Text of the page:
Mark Pew, senior vice president at Prium, was recently quoted in a WorkCompCentral article by J. Todd Foster as saying “The more relevant point is that Gov. Edwards is a plaintiff’s attorney. So will he vote with his peers who have demonstrated a desire to maintain the status quo in Louisiana, or will he look at the evidence and decide that HB 592 should be the law of the land because we need to utilize all the potential tools at our disposal?” In his recent article, Mark Pew talks about HB 592 as being part of the “The Louisiana Trifecta” of bills pending to fight the opioid crisis.
After HB 592 passed the Labor and Industrial Relations Committee, Rep. Talbot was noted in the same WorkCompCentral article as stating, “I think we’ve demonstrated to the majority of the committee that we’re going after a nationwide formulary that has data and results, and proven results, behind this. We’re not the first one trailblazing this formulary. There are other states that have done it.”
One issue is that Louisiana’s 2017 legislative session ends June 8. This doesn’t give the Louisiana Legislature much time. But if it passes both the House and Senate, the bill will land on Gov. Edwards’ desk. Below are my top three reasons why UR Nation staff believe Gov. Edwards should sign the bill.
- Louisiana has a big opioid problem. A news article posted on LAISE.org noted that a recent WCRI Study shows that patients in Louisiana received twice as many opioid prescriptions as the median state in the study. The study also found that of all the workers who had claims involving pain and who were prescribed pain medication, 85 percent received opioids, many on a long term basis.
- The formulary based on ODG has already been successful in other states. While there was another formulary bill in the form of HB 529, which sought adoption of a custom state-created formulary, HB 592 (based on ODG) has several advantages. It can be implemented relatively quickly. This is because the formulary based on ODG already exists. It also has a strong track record. Looking at Texas as an example, we can see that Texas adopted the ODG formulary in 2011 for new claims and in 2013 for legacy claims. The LAISE article cited a TDI-DWC Research and Evaluation Group report that pointed to a striking number – in 2009 in Texas there were 15,000 claims where an opioid painkiller was prescribed with at least a 90 morphine milligram equivalent (MME) dose. By 2015 that number had shrunk to less than 500. That’s about a 97 percent reduction.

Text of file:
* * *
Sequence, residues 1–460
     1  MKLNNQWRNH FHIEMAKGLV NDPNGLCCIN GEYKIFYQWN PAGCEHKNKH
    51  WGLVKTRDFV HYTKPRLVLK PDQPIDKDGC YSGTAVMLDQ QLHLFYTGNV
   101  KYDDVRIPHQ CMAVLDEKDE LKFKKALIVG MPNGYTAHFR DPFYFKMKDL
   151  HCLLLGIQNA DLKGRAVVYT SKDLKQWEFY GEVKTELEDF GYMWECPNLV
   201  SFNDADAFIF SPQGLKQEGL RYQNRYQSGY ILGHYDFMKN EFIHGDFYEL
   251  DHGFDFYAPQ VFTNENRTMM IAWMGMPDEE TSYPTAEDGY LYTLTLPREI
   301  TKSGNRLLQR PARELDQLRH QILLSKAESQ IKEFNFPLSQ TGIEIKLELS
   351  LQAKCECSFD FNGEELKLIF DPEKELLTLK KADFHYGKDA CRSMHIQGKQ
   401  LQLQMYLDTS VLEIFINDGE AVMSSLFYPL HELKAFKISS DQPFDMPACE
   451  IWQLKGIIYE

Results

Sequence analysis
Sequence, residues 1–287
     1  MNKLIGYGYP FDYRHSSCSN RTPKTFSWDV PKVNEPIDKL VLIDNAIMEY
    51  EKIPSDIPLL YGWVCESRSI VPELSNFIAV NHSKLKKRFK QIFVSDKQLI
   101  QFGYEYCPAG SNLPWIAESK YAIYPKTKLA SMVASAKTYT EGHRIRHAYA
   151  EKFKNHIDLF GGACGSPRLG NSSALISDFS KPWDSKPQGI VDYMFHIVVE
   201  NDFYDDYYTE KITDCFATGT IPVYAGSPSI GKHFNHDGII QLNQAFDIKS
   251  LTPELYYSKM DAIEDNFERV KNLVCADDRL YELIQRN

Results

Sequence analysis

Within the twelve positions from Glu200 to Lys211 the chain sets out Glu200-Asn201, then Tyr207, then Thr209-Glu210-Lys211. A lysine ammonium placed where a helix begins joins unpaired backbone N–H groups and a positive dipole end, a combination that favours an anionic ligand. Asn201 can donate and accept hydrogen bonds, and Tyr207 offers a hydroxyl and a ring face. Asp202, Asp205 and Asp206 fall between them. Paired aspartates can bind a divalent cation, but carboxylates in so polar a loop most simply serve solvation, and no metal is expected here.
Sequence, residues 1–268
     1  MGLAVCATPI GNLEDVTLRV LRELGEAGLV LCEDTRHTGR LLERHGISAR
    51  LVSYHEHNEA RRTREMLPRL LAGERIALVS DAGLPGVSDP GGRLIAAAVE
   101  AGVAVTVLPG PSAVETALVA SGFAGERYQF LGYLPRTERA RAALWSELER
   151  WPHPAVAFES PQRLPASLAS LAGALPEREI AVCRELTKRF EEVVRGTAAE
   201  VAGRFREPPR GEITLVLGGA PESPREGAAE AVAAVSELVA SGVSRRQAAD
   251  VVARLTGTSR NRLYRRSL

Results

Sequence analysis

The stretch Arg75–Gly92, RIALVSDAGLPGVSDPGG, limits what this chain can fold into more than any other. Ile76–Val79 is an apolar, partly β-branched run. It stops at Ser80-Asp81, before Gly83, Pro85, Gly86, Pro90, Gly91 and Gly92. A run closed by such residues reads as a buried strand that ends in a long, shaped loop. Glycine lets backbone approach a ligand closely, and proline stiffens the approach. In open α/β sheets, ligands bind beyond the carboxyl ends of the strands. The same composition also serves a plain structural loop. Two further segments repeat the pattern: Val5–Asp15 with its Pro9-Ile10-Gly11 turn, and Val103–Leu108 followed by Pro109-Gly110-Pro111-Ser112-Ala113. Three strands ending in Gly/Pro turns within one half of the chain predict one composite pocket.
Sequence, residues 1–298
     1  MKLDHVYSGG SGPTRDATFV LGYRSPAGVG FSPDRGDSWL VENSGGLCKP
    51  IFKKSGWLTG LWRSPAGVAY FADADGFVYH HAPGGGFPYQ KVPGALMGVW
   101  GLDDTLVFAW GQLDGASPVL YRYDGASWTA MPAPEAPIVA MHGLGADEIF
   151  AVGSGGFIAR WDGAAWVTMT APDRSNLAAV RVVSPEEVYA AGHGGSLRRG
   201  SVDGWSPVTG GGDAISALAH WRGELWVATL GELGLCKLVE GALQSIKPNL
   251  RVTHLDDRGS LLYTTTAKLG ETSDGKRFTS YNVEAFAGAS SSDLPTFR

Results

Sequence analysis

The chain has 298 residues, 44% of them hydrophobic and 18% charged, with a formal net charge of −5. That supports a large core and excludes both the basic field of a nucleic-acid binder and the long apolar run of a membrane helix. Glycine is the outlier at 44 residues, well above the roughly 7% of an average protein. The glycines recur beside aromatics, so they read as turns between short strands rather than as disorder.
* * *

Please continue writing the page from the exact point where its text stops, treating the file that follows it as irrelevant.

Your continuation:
- Even though Louisiana has its own treatment guidelines, the ODG formulary would still work. It should be noted that ODG guidelines are used at times when the Louisiana state-created guidelines, which are based on the Colorado guidelines, need to be supplemented. But even more to the point, the formulary based on ODG is really a list, or binary indicator, of drugs that are designated “Y” for preferred and “N” for non-preferred. This means a treating physician could look up whether a drug is “Y” or “N” and have that help him, along with the guidelines, decide whether or not to issue the prescription. If a prescriber strongly believes an N drug opioid is needed, they can request a variance through utilization review. The guideline creates a pause to consider if an “N” drug is the best option for the injured worker and to ensure that option is supported by the Louisiana state guidelines, which already influences prescribing decisions.
In February, our Medical Director, Dr. Zenia Cortes, wrote an article titled The Rise of ODG. In it, she highlights how ODG has been adopted by Texas, Oklahoma, Kansas, New Mexico, North Dakota, Tennessee and Arizona (for chronic pain and opioids). While she by no means claims that ODG is perfect, there are specific reasons why ODG has had so much success. Some of her points are that ODG is comprehensive, easy to navigate, continuously updated, and is independent of any specialty group. To sum up another way, ODG simply works. If adopted (at least the formulary portion) by Louisiana, we believe this would be a significant upgrade over the current system, which is essentially allows a high level of opioid prescribing as a quick fix for injured worker pain, which leads to addiction, abuse, and unfortunately, in some cases, death.
Kara Larson, Regulatory Manager at UniMed Direct and Guest Contributor to UR Nation